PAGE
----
‘We are filling a niche’ | Arts & Entertainment

When Edgar Quiroz was growing up in Telluride, he had big dreams.

He knew from a young age that he wanted to be a musician and music producer, and that he wanted to establish his own record label.

Making those dreams happen, however, was tricky. Opportunities for a kid on the Western Slope who wanted to create, perform and produce hip-hop were pretty much non-existent.

“Growing up as a young musician, there were no resources to have an affordable creative space, or a creative space in general, to make original music — certainly not hip-hop,” he said, adding that Rock ‘n’ Roll Academy was able to give him some help, including a mentorship.

Undeterred, Quiroz spent his teens composing his own music, experimenting with different software to produce it, and also performing in venues in Colorado and California as SkoolkidD.

Fast forward to today and Quiroz, now 27, is the founder/owner of record label La Familia Music Group (LFMG), manages a number of regional talents and owns a recording studio in Montrose.

He also performs as a hip-hop artist under the name EQ and, with the support of a Telluride Arts grant, is about to drop his latest EP, “New Vintage,’ which is out next month.

Most recently, Quiroz established a program in collaboration with CASA of the Seventh District, a nonprofit that serves at-risk young people in San Miguel, Montrose, Ouray, Delta, Gunnison and Hinsdale counties.

Called In the Lab, it aims to provide Western Slope kids with just the sort of opportunities that Quiroz feels he missed out on when he was younger.

In the Lab offers summer and after-school programs for kids ages 10-18 who are interested in songwriting, recording, beat production, audio engineering and more.

While the program began under the auspices of LFMG, Quiroz said he could see early on that cost was proving a barrier for some families. So, he went a step further and set up a 501(c)(3) nonprofit, LFMG Music Academy, to offer In the Lab’s programs at no cost.

“We were offering what we thought was a very affordable rate, but still we were seeing that it was hard for some,” he said. “The idea of creating a nonprofit was scary, but I could see we were making an impact, so we wanted to make it free and more accessible.”

The after-school iteration of In the Lab is currently underway.

“It’s basically Monday through Thursday from 4-5:30 p.m. and different age groups go on different days,” Quiroz explained, noting that to date participants have included kids from the Montrose and Telluride school districts.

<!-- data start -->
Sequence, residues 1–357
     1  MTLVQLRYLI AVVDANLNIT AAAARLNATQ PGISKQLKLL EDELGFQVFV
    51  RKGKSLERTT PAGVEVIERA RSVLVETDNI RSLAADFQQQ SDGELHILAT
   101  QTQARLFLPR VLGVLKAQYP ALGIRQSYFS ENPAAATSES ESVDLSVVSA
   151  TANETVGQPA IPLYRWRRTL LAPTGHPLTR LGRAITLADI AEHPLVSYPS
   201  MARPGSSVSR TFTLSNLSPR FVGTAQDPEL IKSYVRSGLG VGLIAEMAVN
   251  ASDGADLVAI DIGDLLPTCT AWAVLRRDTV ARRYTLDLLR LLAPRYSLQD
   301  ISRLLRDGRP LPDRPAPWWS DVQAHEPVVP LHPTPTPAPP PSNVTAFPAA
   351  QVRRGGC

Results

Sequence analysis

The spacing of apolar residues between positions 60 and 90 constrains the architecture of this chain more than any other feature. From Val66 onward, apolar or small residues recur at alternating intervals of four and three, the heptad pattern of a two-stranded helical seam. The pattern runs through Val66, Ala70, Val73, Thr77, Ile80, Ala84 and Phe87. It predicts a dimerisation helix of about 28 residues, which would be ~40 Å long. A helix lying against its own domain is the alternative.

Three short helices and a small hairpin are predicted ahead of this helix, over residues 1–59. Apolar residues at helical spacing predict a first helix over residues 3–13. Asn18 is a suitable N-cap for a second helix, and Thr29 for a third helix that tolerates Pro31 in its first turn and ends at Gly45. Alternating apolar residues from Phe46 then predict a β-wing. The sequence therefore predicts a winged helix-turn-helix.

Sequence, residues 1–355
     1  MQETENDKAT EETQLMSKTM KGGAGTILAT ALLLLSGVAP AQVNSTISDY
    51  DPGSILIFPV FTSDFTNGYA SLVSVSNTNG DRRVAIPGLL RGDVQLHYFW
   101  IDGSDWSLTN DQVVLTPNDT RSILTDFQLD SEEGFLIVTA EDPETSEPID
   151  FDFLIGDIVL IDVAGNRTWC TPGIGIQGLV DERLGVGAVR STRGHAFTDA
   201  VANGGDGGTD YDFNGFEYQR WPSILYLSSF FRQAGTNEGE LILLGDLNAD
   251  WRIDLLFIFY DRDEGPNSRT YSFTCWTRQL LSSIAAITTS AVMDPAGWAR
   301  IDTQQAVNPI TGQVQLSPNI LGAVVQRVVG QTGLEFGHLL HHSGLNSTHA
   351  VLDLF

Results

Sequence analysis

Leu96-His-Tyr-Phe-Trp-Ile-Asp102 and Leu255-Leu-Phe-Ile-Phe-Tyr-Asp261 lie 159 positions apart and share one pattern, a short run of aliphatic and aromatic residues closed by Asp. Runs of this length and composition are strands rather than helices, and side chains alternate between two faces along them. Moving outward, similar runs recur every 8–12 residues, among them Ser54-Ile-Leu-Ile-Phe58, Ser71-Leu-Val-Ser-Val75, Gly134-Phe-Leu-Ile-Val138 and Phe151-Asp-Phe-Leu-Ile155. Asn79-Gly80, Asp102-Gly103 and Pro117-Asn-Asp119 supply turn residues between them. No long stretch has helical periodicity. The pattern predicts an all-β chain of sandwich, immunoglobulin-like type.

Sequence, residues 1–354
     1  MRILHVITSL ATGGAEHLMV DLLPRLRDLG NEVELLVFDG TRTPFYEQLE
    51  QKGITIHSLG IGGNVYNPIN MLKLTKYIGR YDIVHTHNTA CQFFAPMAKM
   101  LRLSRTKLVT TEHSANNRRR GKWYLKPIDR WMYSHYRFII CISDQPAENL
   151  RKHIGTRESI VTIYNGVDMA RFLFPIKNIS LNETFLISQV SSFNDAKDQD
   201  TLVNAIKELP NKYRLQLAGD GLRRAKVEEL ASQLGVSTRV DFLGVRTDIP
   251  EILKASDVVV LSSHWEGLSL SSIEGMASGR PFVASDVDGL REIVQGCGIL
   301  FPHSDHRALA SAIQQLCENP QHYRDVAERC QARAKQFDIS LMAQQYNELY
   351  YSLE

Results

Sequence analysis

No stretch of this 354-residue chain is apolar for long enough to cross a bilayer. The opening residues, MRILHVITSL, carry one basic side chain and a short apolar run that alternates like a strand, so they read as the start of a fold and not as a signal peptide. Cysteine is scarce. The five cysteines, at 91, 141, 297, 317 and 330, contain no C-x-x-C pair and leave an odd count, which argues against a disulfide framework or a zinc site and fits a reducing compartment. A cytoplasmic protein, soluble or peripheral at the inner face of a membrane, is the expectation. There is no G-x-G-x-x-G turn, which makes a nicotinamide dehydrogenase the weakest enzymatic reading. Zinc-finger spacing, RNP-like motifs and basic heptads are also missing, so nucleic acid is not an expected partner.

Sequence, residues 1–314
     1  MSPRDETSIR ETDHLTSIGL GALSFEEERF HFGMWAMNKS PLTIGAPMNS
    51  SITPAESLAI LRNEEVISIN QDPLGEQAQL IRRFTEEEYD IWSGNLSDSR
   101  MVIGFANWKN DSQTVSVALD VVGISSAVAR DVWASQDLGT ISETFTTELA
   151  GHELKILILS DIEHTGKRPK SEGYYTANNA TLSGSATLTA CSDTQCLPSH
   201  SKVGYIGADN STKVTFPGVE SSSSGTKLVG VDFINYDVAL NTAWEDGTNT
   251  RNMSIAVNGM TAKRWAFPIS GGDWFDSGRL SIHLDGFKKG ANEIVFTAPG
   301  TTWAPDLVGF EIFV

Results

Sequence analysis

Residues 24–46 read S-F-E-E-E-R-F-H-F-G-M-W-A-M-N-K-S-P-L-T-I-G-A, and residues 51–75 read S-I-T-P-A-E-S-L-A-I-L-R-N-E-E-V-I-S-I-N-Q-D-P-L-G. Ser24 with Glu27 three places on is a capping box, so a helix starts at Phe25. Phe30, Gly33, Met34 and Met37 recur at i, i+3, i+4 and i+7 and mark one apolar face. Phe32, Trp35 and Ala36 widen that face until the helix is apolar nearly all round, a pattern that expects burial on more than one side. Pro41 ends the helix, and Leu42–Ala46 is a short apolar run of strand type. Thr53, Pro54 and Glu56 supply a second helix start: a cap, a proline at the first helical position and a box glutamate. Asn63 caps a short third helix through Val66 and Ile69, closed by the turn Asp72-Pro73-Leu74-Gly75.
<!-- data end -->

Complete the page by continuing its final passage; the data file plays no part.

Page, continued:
“We open up our recording studio and we invite young artists of all abilities,” he said. “Some have no experience or no music background at all, and there are others that have some understanding or knowledge.”

He continued, “They each have a computer to work at and they get to create, whether it is beat production, song writing, recording, audio engineering, graphic design or the business side of things. We are providing that safe space for them to explore, from learning how to rhyme to mastering a full project.”

Quiroz emphasized that the program is unique in many ways.

First, he said, participants get to work in close collaboration with people who are actually making a living in the music world: Quiroz himself, as well as Grand Junction-based hip-hop artist Enshiloh and the audio engineer from LFMG’s recording studio.

In addition, he explained that while participants can work within any musical genre, most want to focus on hip-hop, which, he noted, is very relevant to young people but often left out of youth arts programming.

“The generation now mostly listens to hip-hop and there is no one teaching hip-hop,” Quiroz said. “You might find classical music or art classes, but I think we are unique. We are filling a niche in our community.”

He added that the breadth of instruction, which covers the earliest creative moves through to, as Quiroz called it, “the business side of things” is also one of a kind.

“I don’t think what we are teaching is available anywhere else,” he said. “These young leaders are getting the tools they need to be successful in a music career.”

Now that LFMG Music Academy is a standalone nonprofit, Quiroz said he hopes to extend its reach, including working with kids as young as age 3, as well as connecting with young people who have had contact with the criminal justice system or those dealing with substance abuse issues and other risk factors.

And, he is working to engage the wider community.

“I’m just trying to get the word out about what we are doing and what the impact is on these kids,” he said. “We would like to get support from people for our work so that we can keep our programs free.”

Added Quiroz, “We absolutely need to have safe places like [In the Lab] where kids can have healthy, safe options to be creative.”

To learn more, visit lafamiliamusicgroup.com/lfmg-music-academy.


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